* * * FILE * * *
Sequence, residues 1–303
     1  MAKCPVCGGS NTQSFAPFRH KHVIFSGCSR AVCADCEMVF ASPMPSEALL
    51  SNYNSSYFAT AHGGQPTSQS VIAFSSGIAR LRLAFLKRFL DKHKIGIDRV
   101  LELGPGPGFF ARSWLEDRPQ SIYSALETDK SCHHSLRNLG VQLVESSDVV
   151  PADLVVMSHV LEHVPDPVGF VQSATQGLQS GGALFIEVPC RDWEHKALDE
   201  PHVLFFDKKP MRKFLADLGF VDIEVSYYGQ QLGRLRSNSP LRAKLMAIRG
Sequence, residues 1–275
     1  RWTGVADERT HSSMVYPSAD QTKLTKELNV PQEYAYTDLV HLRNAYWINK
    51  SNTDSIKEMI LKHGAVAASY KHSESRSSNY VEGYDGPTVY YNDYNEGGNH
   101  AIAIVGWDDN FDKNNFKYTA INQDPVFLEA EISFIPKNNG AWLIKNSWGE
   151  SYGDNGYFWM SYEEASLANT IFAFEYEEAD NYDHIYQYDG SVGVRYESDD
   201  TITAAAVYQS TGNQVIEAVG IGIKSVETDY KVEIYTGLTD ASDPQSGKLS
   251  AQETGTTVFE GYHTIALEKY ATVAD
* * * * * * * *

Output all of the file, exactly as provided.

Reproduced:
Sequence, residues 1–303
     1  MAKCPVCGGS NTQSFAPFRH KHVIFSGCSR AVCADCEMVF ASPMPSEALL
    51  SNYNSSYFAT AHGGQPTSQS VIAFSSGIAR LRLAFLKRFL DKHKIGIDRV
   101  LELGPGPGFF ARSWLEDRPQ SIYSALETDK SCHHSLRNLG VQLVESSDVV
   151  PADLVVMSHV LEHVPDPVGF VQSATQGLQS GGALFIEVPC RDWEHKALDE
   201  PHVLFFDKKP MRKFLADLGF VDIEVSYYGQ QLGRLRSNSP LRAKLMAIRG
Sequence, residues 1–275
     1  RWTGVADERT HSSMVYPSAD QTKLTKELNV PQEYAYTDLV HLRNAYWINK
    51  SNTDSIKEMI LKHGAVAASY KHSESRSSNY VEGYDGPTVY YNDYNEGGNH
   101  AIAIVGWDDN FDKNNFKYTA INQDPVFLEA EISFIPKNNG AWLIKNSWGE
   151  SYGDNGYFWM SYEEASLANT IFAFEYEEAD NYDHIYQYDG SVGVRYESDD
   201  TITAAAVYQS TGNQVIEAVG IGIKSVETDY KVEIYTGLTD ASDPQSGKLS
   251  AQETGTTVFE GYHTIALEKY ATVAD